Sebastian is an obsessive idealist who has sworn to his inner self that he will direct a film about one of the worlds most iconic figures, Christopher Columbus Karra Elejalde. In most of the countries of Central and South America, some version of The Conquest is still going on. Costa has chosen this place because the budget of the film is tight and here he can hire supernumeraries, local actors and extras on the cheap. A California company has bought land rights and plans to charge the Indians for water from their own wells. Co-production Spain-France-Mexico; Morena Films Genre. This film is not rated. In particular it portrays high-end filming on location in poor countries as an offshoot of colonial exploitation.
Despite the devastation emerging around him, Sebastian seems unable to engage with any emotion over than a dogmatic desire to get his film done. Sitting by the roadside after almost his entire film crew has abandoned him, he appears simply lost. A sophisticated Mexican film crew wishes to make a movie about Christopher Columbus's arrival in the Americas, the poor treatment that the conquistadores later meted out to the Indians that they enslaved, and the contrary attitude of such priests as Bartolomé de Las Casas and Antonio de Montesinos, who roundly condemned The Conquest for its murderous treatment of the Indians. Costa has come up with an insane idea, but the only way to get a difficult film made within the limitations of their modest budget. As the film-within-the-film is being made, and shows the horrifying cruelty of most of the conquistadores, the Cochabamba poor are fighting against the government and the army, with grave injuries and death the result. They hire several, planning to pay them two dollars a day, and turn the rest away, over the protests of those being denied.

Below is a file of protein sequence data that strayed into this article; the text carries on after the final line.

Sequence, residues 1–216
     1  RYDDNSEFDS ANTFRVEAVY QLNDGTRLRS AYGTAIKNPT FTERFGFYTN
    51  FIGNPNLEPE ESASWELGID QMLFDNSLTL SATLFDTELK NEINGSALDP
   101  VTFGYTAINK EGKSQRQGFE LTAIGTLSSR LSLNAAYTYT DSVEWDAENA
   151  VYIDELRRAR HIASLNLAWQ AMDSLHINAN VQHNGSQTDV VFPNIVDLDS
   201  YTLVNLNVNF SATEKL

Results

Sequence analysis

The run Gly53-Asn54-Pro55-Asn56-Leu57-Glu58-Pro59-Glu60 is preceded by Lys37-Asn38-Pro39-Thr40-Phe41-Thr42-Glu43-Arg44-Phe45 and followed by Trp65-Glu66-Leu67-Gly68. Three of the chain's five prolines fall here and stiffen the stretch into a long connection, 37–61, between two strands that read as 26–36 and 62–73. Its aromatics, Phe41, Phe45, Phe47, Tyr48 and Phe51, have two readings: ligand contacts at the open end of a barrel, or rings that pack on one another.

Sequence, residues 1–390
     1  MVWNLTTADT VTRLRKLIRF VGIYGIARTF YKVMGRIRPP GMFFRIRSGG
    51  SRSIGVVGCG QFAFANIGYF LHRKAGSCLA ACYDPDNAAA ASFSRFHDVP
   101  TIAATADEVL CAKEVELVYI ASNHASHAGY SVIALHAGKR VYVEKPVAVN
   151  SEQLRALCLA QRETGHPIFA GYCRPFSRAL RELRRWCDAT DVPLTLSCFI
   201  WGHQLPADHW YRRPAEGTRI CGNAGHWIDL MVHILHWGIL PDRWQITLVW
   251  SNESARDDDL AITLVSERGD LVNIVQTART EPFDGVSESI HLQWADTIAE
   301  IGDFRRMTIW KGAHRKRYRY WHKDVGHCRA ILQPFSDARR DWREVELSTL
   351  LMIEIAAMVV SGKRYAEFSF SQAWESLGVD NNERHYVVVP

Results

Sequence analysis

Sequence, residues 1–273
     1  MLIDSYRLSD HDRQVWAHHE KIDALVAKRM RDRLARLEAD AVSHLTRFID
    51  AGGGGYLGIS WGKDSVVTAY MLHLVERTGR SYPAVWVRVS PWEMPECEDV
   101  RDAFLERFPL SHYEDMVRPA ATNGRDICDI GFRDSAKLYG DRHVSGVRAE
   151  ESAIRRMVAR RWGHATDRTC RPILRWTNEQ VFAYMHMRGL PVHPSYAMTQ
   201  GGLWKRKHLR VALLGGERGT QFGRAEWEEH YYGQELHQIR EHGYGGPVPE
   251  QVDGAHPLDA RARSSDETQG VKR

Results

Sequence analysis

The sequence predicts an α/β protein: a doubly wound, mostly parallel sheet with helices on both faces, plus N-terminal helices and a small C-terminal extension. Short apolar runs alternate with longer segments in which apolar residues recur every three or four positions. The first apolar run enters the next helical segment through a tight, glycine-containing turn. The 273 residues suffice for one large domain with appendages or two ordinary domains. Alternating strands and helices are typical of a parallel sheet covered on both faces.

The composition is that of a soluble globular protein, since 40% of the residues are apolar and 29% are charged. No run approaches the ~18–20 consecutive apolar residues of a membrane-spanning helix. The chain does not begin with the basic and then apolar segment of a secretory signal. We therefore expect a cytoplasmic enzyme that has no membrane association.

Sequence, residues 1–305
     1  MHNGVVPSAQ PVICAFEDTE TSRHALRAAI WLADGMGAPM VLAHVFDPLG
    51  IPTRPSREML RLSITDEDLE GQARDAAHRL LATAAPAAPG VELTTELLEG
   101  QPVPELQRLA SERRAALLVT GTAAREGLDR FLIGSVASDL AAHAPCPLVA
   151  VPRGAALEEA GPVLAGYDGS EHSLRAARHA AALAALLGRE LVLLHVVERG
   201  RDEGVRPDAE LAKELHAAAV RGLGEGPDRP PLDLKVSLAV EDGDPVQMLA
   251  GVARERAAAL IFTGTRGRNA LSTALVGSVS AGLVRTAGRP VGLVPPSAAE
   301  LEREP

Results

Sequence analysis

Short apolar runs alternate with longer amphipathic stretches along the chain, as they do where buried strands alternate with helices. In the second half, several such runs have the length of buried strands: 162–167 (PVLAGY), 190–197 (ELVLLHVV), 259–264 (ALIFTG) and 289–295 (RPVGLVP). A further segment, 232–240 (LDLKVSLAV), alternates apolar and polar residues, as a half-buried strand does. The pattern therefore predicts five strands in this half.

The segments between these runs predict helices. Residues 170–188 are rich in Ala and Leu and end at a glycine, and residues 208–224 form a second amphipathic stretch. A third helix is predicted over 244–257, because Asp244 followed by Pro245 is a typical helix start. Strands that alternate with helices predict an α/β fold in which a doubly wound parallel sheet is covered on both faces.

This is not absolutely convincing and depends too heavily on a race through riot-torn streets, but it provides a plot device to explain Costa's rediscovery of conscience. This is more clear to us than the characters, including Bernal as Sebastian, the director, who has vague sympathies for his low-paid workers but places his film above everything. The performance by Luis Tosar as the producer is confident and sturdy. This actually took place in April 2000. Advertisement An opening scene establishes the poverty in the district. Directed by Iciar Bollain Take My Eyes and written by long-time Ken Loach collaborator Paul Laverty T he Wind That Shakes the Barley. The synopsis below may give away important plot points.
Sebastian ends up casting him in an important role, and he discovers that in real life, Daniel is a leader in a local revolt against the privatization of the local water resources. An international film star, this fellow is one of the best looking actors ever, and he has the performance chops to be able to play with real authority drunken monsters Babél , conflicted priests The Crime of Father Amaro , and humorously befuddled teenage lovers Y Tu Mamá También. The trouble is that one of the local actors, is a leading activist in the protest movement. Costa is played by the superb Luis Tosar, a Spanish actor who did a turn as a drug kingpin in the 2006 dramatic feature Miami Vice. He grows fond of Daniel's sweet little daughter, and when local forces are brought in to subdue the demonstrations, the girl is injured, and Costa suddenly sees things in a different light.